Coega youth tackle poverty

24 July 2019 | Web Article Number: ME201915469

Education & Training
Social Development

IN honour of Mandela Month, July, young professionals from the Coega Development Corporation (CDC) recently took part in a youth dialogue aimed at addressing the issues of unemployment, poverty and inequality.

“I look at this room and I see a think tank for the youth in the Eastern Cape region,” said Bekani Madyibi, CDC Programme Manager addressing the gathering hosted at the corporation’s head office.

This campaign is a continuation of the efforts by CDC young professionals to decode access to opportunities.

“If we don’t use these kinds of platforms to come up with solutions, we are depriving ourselves of opportunities to grow and develop as young people, because we define the future.”

Following a panel discussion, a consensus emerged that that internship programmes

should not merely provide jobs for the sake of providing jobs but should upskill people socially and professionally.

It was also agreed that tackling youth unemployment would require input from multiple sponsors and that measures, programmes and initiatives that pursue job creation will need to be effectively structured to ensure meaningful outcomes.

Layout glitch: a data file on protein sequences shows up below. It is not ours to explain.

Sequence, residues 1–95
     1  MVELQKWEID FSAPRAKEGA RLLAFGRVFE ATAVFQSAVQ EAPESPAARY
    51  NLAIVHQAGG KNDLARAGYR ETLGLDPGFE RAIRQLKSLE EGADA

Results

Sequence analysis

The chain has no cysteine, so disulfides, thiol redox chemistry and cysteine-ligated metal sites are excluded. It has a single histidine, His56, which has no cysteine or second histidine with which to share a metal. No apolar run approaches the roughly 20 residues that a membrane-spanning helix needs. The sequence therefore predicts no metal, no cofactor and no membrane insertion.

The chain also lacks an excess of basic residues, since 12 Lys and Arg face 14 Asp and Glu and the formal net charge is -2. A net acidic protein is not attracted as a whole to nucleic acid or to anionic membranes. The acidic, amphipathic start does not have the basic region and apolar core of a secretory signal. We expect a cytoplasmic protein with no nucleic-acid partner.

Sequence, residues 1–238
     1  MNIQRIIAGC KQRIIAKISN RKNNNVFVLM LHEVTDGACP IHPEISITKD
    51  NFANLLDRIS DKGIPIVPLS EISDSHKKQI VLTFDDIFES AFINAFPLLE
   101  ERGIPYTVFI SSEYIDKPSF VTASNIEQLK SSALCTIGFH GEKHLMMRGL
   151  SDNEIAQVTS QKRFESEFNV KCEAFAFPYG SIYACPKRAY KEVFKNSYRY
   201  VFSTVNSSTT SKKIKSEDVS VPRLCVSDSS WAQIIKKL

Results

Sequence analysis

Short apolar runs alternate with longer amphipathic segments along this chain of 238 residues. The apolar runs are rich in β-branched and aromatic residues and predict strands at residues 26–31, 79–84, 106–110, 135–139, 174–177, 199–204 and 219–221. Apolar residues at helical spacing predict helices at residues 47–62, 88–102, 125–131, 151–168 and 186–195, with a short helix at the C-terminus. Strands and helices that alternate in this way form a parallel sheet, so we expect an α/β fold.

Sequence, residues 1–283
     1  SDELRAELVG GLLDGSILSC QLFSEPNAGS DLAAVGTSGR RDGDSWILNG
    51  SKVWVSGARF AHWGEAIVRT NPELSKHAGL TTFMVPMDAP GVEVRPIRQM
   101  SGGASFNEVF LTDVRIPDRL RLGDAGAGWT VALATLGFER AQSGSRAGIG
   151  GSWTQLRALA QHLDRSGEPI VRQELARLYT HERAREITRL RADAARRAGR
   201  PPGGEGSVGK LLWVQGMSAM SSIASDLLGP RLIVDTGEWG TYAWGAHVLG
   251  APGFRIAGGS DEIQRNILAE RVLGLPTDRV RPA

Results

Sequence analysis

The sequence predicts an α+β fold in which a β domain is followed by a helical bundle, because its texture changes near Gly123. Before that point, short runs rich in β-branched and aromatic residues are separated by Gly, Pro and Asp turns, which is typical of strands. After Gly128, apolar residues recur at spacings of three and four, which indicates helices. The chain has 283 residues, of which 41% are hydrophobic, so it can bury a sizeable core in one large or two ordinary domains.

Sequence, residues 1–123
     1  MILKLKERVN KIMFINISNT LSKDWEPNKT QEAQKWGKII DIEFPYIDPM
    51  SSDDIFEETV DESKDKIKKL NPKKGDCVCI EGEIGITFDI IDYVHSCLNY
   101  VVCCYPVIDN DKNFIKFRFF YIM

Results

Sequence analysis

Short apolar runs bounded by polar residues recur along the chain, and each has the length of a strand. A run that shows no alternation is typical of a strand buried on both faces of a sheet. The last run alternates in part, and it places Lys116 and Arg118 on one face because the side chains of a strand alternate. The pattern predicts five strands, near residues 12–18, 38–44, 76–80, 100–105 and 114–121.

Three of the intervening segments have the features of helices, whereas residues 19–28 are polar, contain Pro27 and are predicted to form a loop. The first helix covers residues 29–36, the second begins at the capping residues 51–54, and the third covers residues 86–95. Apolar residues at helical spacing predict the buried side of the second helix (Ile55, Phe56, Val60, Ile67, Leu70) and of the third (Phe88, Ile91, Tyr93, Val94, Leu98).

Amongst the panellists was, CDC Business Development intern, Asive Ralarala (26) who currently holds a Postgraduate Diploma in Financial Planning. She highlighted the importance of empowering young peoople with financial knowledge which would ultimately secure global appeal to improve the economy.

“We could only be able to open ourselves to free trade opportunities once we fully understand the essential need to learn about financial planning to improve our saving and investment plans,” she said.

Citing concerns regarding inequality, CDC ICT, Research and Strategy intern, Siyasanga Nqeketo (25), and CDC Web Development intern, Rene Marais (26) shared a similar view pertaining to the representation of young women in influential positons.

“Inequality is a broad topic on its own, however gender inequality seems to exist everywhere. Women of colour in particular are not represented as much, and this becomes a major concern when drafting solutions to issues facing the youth,” said Nqeketo, who holds a B.Com: Economics qualification. Marias is a qualified software engineer, who also holds a National Diploma IT support.

CDC SHEQ intern, Aphiwe Matwebu (25), who recently obtained an ND: Environmental Health qualification, argued that South Africa remains under-developed yet rich in resources.

“Looking at vision 2020, this discussion should rather focus on national building efforts and using the resources we have to bridge the gap,” he said.

“We need to take ownership in upskilling ourselves and design our own work opportunities as a long-term approach.”

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